Laser Acupuncture Low Level Laser Therapy

Laser acupuncture uses laser light instead of acupuncture needles to stimulate acupuncture points. A laser emits a focused beam of light, and when the light strikes the skin, electrons are discharged, creating an electrical current that stimulates the acupuncture points.

Laser acupuncture offers an alternative when the use of needles is not appropriate or for people with a fear of needles. Acupuncture laser therapy can also be combined with traditional acupuncture. The U.S. Food and Drug Administration (FDA) has cleared the marketing of laser acupuncture devices to help with the temporary relief of pain based on clinical data that supports this use.

What is Laser Therapy?

The lasers used for laser therapy are a type of low-level laser therapy (LLLT), also “called cold laser therapy.” The wavelengths of light used in cold laser therapy pass through the layers of skin to reach the target area. The cells absorb the light, starting a series of events in the cell that is believed to reduce pain, inflammation and swelling and help injured tissue heal by increasing intracellular metabolism and blood flow.

The FDA considers LLLT an investigational technique, and the use of laser acupuncture may be restricted depending on state laws.

Acupuncture Laser Therapy

Acupuncture laser therapy takes the use of laser therapy and applies it the stimulation of acupuncture points. Although different types of lasers are available, a commonly-used type is a small, handheld class IIIb laser (5 to 500 mW) that emits a strong, targeted beam of light. Different techniques for using the laser are also available and will depend on the acupuncturists’ training and the acupuncture points being treated.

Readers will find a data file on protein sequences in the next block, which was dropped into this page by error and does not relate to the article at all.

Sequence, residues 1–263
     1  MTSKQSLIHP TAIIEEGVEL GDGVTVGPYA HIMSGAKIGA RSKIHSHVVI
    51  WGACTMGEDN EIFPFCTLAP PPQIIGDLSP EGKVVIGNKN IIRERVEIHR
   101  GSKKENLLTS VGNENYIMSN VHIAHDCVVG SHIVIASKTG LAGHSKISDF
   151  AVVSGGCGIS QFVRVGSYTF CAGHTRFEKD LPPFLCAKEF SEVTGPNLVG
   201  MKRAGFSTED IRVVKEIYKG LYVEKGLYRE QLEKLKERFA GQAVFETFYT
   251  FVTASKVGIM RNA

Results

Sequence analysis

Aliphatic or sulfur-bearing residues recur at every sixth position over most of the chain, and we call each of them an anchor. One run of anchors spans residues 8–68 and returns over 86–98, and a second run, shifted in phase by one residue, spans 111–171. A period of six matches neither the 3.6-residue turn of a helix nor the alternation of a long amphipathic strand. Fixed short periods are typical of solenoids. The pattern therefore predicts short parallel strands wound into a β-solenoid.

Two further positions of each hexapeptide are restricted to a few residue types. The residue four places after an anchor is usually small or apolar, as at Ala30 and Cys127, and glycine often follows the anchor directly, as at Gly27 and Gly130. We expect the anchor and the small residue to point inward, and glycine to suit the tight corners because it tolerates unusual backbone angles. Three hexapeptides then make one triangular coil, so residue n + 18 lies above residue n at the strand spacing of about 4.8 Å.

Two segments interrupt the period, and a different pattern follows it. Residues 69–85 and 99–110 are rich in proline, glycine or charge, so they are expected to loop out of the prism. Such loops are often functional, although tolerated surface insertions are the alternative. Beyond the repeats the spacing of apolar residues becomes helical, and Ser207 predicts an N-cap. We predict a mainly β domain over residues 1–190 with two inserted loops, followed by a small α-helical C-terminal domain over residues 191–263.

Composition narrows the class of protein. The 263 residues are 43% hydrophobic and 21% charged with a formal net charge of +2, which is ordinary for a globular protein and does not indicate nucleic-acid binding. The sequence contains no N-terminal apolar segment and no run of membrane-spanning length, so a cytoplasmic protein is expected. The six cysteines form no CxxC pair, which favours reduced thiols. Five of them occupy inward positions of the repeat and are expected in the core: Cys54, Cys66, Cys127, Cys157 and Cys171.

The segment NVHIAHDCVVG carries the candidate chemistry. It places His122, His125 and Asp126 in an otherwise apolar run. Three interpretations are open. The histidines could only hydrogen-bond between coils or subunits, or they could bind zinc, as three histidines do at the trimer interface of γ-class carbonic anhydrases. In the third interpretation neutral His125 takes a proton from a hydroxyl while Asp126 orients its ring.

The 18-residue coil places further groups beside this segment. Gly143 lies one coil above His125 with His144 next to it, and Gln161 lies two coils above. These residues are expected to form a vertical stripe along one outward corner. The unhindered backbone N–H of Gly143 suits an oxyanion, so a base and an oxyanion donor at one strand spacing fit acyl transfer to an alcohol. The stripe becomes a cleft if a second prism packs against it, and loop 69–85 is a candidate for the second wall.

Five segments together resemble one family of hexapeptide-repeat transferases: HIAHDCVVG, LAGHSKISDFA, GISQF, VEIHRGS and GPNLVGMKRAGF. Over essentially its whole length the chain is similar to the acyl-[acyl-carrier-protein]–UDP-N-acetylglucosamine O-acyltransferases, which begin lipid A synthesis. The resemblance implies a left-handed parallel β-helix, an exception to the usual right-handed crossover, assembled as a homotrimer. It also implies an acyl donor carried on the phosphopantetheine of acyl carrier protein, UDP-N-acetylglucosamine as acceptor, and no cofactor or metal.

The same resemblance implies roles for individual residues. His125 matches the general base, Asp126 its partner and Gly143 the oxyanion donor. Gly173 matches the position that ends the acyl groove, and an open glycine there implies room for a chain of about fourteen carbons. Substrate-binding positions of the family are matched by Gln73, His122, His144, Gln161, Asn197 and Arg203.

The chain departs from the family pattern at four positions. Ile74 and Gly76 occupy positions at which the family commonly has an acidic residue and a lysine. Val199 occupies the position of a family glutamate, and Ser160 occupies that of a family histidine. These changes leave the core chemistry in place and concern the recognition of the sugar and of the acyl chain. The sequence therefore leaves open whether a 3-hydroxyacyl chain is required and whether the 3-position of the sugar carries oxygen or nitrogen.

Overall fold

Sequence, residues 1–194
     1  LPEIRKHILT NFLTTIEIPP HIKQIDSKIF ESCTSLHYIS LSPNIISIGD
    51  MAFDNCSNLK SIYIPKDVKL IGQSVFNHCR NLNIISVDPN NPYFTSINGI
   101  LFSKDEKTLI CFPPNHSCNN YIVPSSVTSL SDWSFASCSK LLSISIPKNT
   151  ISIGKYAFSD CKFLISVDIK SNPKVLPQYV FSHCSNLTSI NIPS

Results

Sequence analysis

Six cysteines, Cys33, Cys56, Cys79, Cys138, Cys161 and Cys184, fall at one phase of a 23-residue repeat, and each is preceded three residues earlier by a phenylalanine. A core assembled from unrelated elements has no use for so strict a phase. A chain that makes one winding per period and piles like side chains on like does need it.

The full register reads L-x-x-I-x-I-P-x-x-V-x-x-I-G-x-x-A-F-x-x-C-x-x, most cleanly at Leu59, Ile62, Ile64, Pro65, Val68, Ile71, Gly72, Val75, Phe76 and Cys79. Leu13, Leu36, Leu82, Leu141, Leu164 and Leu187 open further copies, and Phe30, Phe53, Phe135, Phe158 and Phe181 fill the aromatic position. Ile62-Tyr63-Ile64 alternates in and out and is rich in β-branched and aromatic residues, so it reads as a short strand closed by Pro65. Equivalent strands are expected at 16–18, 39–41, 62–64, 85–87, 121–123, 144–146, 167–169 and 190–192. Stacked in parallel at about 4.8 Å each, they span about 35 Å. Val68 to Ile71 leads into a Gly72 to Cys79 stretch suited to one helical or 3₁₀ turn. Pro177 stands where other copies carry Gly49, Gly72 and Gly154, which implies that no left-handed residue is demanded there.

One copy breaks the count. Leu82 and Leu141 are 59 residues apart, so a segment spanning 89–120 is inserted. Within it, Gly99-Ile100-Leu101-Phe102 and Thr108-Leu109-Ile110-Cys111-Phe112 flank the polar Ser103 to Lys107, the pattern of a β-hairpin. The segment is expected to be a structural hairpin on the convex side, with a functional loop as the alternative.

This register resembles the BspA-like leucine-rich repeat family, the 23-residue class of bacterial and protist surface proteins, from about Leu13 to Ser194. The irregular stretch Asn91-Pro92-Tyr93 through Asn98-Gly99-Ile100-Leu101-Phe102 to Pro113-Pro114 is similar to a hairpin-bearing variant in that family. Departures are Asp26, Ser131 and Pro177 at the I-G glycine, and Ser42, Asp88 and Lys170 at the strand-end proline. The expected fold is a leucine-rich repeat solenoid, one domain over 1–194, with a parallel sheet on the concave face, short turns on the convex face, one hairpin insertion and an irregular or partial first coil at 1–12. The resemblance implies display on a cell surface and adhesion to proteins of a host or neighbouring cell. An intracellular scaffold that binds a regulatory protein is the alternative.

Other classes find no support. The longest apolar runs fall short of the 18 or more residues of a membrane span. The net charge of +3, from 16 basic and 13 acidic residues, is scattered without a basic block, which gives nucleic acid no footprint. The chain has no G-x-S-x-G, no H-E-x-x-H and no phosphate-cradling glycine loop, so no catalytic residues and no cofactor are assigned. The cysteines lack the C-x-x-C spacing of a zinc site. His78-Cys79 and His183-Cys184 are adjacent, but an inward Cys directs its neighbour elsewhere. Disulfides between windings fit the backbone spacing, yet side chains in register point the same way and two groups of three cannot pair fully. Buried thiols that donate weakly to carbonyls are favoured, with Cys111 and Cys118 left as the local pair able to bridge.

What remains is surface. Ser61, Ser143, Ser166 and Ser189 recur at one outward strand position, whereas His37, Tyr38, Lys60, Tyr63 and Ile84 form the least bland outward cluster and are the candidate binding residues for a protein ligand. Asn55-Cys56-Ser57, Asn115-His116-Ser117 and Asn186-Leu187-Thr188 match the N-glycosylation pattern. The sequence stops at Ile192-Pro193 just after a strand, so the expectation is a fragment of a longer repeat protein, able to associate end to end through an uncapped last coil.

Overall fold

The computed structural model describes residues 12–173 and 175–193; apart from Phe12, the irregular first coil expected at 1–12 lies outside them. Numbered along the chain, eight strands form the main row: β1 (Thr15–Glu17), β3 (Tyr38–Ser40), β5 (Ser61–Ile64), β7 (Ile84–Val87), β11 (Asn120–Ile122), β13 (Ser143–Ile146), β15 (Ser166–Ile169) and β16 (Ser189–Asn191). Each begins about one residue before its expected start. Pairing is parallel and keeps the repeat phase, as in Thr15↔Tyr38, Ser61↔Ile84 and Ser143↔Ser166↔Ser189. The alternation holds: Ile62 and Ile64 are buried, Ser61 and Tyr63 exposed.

Laser acupuncture is painless and non-invasive. Although an improperly used laser can burn the skin, laser acupuncture from a properly trained practitioner has no known side effects. If you are interested in laser acupuncture, make sure your acupuncturist has the necessary training to safely and effectively offer the technique.

Resources

U.S. Food and Drug Administration. (2009). Laser facts. Retrieved March 9, 2011, from http://www.fda.gov/radiation-emittingproducts/resourcesforyouradiationemittingproducts/consumers/ucm142607.htm

Naeser, M.A. (n.d.). Some general information on painless, non-invasive, low-level laser acupuncture. Retrieved March 9, 2011, from http://www.acupuncture.com/education/theory/laseracu.htm

Schnee, A. K. (n.d.). Cold laser therapy pain management treatment. Retrieved March 9, 2011, from http://www.spine-health.com/treatment/pain-management/cold-laser-therapy-pain-management-treatment

Vargas, J. T. (n.d.). Low-level laser acupuncture. Retrieved March 9, 2011, from http://www.medicalacupuncture.org/aama_marf/journal/vol16_2/article_6.html